The snag is that Russia and the West seem to understand the concept of "energy security" very differently. President Putin laid out Russia's position at a meeting of G-8 energy ministers in Moscow in March. He emphasized "projects of strategic importance for genuinely strengthening the global energy security system," referring in particular to projects such as the North European Gas Pipeline, involving the export of even more gas from Russia to the West. He also stressed the importance of long-term supply contracts -- in other words, exactly the kinds of contracts that Gazprom has been using to export to Europe for the past 40 years.
In short, Russia seems to think that energy security means using long-term contracts which guarantee stable demand for Russian gas from the West. Of course, this vision of energy security takes it for granted that gas supplies from Russia are secure. But are they? That is the big question that Europeans have been asking themselves ever since January, when the Russians cut off their gas supplies to the Ukraine in order to force the Ukrainians to swallow a mammoth five-fold increase in gas prices.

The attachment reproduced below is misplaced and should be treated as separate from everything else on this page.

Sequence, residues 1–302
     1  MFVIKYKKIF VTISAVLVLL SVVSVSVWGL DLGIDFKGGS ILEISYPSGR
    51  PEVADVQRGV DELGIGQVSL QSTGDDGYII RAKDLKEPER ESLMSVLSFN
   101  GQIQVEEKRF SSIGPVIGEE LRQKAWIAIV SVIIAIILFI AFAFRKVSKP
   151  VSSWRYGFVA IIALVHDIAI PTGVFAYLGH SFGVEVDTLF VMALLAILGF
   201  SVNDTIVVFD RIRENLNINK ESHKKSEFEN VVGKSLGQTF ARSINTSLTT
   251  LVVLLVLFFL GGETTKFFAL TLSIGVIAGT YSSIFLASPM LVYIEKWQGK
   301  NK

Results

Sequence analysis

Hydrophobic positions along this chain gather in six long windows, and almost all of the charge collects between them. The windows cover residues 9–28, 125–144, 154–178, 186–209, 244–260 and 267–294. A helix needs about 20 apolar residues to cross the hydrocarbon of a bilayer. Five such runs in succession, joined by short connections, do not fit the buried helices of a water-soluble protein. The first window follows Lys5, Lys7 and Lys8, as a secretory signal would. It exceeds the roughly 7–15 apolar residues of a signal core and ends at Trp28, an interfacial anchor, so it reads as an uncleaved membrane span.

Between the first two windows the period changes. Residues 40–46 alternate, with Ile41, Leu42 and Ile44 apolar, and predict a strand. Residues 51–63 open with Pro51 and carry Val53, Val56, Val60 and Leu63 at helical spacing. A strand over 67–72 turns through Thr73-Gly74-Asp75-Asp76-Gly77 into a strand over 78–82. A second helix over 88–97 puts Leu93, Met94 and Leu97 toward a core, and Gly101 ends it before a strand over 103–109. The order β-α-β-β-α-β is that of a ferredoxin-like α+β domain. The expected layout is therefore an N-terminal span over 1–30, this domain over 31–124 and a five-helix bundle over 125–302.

RISING DEPENDENCE. Eventually a convoluted compromise was reached, but not before the Russian-Ukrainian gas dispute had affected markets further West. Europe was horrified at Russia's willingness to use turning off the taps as a negotiation tool.
It didn't help that just a couple of weeks later, some European customers complained of further shortfalls in gas supplies from Russia -- this time caused by the harsh Russian winter -- which Gazprom was struggling to cope with. Nor does it help that, in the decades ahead, the EU's dependence on Russian gas imports, already significant, is forecast to rise dramatically.
That explains why both Europe and the U.S. have been redoubling efforts to get Russia to sign up to the so-called Energy Charter -- a treaty, originally drawn up in 1994 but never ratified by Russia -- which would provide legal guarantees against unilateral suspensions of supplies. Another key European demand also enshrined in the Energy Charter is liberalization of Gazprom's export pipeline network. The Europeans want to ensure that Central Asian countries, as well as independent Russian gas producers, are guaranteed access to export pipelines on equal terms.
DETAILS, PLEASE. Russia's reaction to these demands can roughly be summed up as: Fat Chance. Gazprom's pipeline monopoly is one of Russia's major geopolitical trumps, which it is loath to surrender. And with unprecedented energ